Patriotic quilts often appear during times of world conflict. In the United States they frequently incorporate the colors of the flag and the eagle, a well-known symbol of the nation. It is rather unusual, though, to find a quilt so closely replicating the flag.
This flag quilt was made in 1899 by Horatio Boyd's Girl Cadets. According to their organizer, the Cadets were the only uniformed and regularly armed company of girls in the United States.
It is unclear exactly why Boyd organized the Cadets, but it probably was due to events leading up to the Spanish American War.
Cuba had begun a war for independence from Spain in 1895, and over the next two years separatists engaged in a campaign to gain sympathy in the United States. The press portrayed Cuban guerrillas as heroic and played up Spanish "atrocities." It was in a climate of increasing tension between Spain and the U.S. that Boyd organized his Girl Cadets in 1897.
The Cadets consisted of 40 women in blue uniforms and military caps, armed with discarded Springfield rifles. The rifle barrels, apparently bent, were sawed off and replaced with bored-out broomsticks. The women drilled at the statehouse in the evenings, accompanied male army recruits to the railroad depot, and marched in the Senate chamber of the Kansas Capitol and in parades. (View a group image of the Cadets)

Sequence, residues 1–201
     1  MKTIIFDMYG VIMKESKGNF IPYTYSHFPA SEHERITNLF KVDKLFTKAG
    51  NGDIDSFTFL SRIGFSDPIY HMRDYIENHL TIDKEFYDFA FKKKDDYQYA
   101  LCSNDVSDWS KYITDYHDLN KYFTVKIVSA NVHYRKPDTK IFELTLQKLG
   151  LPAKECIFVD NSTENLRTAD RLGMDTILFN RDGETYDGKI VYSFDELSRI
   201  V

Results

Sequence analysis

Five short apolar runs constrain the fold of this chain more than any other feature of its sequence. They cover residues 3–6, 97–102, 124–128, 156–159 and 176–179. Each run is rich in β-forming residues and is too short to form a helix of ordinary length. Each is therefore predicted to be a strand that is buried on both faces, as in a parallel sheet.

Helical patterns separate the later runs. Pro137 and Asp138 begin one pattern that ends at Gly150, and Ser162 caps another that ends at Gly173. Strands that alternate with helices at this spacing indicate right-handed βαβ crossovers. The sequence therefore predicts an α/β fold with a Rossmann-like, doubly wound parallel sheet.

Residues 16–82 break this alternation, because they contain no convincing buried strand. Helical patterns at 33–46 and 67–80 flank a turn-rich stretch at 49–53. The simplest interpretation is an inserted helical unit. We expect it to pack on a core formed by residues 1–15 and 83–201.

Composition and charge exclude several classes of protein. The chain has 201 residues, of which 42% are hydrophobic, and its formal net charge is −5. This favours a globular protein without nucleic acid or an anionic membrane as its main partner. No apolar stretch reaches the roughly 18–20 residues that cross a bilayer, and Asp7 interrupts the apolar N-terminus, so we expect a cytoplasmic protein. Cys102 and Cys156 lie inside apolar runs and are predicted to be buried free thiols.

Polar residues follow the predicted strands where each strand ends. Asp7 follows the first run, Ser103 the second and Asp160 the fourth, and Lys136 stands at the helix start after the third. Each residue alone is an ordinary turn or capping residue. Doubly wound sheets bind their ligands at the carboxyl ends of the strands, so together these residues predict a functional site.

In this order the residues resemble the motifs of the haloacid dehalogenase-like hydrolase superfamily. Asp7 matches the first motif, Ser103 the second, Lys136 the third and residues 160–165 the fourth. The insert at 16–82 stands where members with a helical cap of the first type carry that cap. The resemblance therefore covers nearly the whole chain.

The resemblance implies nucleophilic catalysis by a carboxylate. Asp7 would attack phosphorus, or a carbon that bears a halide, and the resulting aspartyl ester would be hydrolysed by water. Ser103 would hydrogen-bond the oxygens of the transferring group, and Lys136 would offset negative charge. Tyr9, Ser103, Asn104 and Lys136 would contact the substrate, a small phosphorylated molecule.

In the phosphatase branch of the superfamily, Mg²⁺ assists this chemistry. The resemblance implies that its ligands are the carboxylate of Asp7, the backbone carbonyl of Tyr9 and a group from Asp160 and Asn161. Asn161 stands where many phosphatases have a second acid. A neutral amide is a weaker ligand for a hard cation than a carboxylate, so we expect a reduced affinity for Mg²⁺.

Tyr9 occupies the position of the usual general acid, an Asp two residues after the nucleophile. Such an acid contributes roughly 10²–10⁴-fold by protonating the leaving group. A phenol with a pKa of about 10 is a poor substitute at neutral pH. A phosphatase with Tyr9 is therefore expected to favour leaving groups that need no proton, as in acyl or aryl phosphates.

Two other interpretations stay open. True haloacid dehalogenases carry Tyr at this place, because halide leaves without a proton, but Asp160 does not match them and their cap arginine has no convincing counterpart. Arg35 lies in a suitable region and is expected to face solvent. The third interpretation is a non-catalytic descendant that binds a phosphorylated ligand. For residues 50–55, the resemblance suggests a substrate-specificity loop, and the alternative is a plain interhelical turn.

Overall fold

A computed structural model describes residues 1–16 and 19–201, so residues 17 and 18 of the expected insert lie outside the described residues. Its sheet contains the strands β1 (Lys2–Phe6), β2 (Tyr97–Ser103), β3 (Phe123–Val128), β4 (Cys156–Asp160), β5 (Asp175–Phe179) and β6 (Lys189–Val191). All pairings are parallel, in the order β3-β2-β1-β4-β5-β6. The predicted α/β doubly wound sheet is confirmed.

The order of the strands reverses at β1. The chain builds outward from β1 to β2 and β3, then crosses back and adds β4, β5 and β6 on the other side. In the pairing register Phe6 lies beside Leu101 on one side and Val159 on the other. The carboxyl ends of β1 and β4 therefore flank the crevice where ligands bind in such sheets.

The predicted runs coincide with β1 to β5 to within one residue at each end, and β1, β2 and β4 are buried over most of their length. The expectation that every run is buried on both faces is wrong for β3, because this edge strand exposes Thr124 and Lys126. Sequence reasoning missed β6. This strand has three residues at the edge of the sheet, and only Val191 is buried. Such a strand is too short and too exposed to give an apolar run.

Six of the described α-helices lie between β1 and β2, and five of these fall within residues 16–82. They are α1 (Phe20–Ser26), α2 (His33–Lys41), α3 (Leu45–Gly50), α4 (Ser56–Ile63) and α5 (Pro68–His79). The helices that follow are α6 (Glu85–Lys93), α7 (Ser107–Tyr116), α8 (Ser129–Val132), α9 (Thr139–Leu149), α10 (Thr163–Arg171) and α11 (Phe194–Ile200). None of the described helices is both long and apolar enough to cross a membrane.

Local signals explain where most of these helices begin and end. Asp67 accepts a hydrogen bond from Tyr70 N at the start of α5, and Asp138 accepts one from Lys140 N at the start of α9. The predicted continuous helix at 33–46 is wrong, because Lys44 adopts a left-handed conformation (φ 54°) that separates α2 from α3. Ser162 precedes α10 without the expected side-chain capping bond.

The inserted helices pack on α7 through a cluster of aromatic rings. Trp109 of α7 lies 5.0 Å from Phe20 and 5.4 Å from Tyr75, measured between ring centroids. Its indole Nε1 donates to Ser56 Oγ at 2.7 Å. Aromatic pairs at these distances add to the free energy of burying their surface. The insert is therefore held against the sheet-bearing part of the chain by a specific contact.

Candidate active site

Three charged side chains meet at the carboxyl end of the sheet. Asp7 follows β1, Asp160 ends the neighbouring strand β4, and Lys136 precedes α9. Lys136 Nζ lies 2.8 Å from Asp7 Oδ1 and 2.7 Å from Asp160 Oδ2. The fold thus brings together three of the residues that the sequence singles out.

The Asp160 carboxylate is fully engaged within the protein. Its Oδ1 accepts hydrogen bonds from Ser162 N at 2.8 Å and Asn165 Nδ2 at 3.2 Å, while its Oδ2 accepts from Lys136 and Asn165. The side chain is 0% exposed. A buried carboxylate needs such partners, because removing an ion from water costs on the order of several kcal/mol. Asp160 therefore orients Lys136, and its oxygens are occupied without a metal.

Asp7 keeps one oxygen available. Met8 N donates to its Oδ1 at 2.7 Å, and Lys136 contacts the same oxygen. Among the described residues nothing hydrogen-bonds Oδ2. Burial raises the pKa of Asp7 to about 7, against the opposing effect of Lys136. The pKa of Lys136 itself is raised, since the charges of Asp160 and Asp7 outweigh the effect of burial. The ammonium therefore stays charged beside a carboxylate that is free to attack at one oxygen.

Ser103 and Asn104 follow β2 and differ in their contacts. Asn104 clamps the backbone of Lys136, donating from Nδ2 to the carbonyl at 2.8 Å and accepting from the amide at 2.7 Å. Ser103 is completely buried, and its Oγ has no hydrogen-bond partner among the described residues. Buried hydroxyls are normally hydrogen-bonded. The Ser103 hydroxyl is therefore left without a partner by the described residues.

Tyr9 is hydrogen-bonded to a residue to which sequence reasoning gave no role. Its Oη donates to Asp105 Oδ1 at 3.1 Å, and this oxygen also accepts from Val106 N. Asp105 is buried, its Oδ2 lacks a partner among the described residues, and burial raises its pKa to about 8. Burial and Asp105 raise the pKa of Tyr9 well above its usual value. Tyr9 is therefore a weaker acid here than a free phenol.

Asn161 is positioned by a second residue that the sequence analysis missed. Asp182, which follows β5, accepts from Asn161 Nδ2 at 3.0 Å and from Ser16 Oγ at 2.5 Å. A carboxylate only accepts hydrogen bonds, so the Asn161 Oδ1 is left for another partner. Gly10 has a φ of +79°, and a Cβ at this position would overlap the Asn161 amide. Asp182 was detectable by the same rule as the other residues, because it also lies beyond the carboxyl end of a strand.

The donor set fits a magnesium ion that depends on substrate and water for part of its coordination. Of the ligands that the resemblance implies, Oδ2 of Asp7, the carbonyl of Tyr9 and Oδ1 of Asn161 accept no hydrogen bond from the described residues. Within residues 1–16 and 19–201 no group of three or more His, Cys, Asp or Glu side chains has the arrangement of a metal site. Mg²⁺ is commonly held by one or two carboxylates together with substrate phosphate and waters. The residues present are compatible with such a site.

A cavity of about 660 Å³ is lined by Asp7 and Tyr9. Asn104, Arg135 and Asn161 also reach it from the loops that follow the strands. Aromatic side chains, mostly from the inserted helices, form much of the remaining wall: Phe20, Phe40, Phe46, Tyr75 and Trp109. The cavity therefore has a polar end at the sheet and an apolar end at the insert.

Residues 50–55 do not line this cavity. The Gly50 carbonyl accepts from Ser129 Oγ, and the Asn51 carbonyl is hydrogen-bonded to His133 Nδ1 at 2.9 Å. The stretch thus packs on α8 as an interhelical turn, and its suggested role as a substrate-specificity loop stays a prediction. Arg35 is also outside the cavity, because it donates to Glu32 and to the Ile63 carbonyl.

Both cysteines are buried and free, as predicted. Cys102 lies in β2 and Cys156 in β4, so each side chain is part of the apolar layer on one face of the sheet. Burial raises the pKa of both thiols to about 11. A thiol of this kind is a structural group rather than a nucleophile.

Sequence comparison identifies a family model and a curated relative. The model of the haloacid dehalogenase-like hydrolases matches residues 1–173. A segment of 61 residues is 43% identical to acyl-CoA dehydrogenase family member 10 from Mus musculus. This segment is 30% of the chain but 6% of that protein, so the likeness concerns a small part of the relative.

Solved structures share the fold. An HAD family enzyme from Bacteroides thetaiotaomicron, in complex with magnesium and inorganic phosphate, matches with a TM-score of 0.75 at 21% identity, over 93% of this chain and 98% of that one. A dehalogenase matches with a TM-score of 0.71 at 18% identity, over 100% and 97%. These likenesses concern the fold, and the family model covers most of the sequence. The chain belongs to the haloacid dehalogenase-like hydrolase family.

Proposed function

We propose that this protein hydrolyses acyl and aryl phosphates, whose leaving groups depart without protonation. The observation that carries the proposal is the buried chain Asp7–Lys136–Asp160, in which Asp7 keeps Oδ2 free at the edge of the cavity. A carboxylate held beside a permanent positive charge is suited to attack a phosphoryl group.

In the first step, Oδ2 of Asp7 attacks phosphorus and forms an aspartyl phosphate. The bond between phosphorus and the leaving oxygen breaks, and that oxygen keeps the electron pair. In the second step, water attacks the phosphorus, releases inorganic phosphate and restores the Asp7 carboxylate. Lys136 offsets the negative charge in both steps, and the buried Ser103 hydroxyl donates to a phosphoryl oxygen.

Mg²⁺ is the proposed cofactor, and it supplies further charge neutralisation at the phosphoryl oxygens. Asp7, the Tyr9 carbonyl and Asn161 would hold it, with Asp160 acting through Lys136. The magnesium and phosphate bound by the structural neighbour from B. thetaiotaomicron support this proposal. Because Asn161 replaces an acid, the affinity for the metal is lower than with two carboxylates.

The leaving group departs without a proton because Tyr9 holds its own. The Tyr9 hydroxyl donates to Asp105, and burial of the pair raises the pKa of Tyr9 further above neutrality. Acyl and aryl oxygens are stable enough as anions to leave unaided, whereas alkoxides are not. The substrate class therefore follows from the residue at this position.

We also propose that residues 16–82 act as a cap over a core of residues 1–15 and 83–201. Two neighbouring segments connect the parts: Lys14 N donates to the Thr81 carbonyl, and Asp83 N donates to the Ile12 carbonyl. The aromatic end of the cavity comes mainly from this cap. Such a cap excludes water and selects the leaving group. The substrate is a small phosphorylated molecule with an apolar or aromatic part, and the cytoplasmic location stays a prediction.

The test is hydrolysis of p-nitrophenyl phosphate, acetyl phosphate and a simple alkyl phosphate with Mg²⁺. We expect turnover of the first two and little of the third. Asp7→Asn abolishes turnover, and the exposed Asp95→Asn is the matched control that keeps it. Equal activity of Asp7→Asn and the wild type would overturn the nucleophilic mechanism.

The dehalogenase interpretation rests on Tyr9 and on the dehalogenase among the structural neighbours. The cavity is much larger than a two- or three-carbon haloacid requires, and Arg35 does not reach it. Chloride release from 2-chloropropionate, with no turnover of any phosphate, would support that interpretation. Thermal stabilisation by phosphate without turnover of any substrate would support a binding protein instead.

Broom drill squads were popular in the late 1800s, an era when exercise and sports became more acceptable pastimes for women. The broom drill was the female equivalent of the rifle drill. Broom drills often were organized to raise money for a charity.
Mostly young women from Topeka, the Girl Cadets were clerks, bookkeepers and stenographers in stores and offices in town; a few were described as "society" girls. The group included Boyd's daughter and several of her friends.
Boyd was serving as the Assistant Adjutant General of Kansas at the time he organized the Cadets. Himself a Civil War veteran, Boyd had enlisted in the seventh regiment Illinois Cavalry at age 16. He left Illinois for Kansas in 1877 and tried his hand at a variety of occupations, including newspaperman, farmer, teacher, and politician.
The Cadets' quilt was made in 1899, about one year after the U.S. issued a formal declaration of war against Spain. Measuring 76 inches by 84 inches, it includes 45 stars embroidered with the Cadets' names. Fancy embroidered text on two of the white stripes proclaims its origins:
BOYD'S GIRL CADETS
TOPEKA KANS. 1899.
The Boyd's Girl Cadets quilt is in the collections of the Kansas Museum of History.
Entry: Flag Quilt
Author: Kansas Historical Society
Author information: The Kansas Historical Society is a state agency charged with actively safeguarding and sharing the state's history.
Date Created: January 2002
Date Modified: December 2014
The author of this article is solely responsible for its content.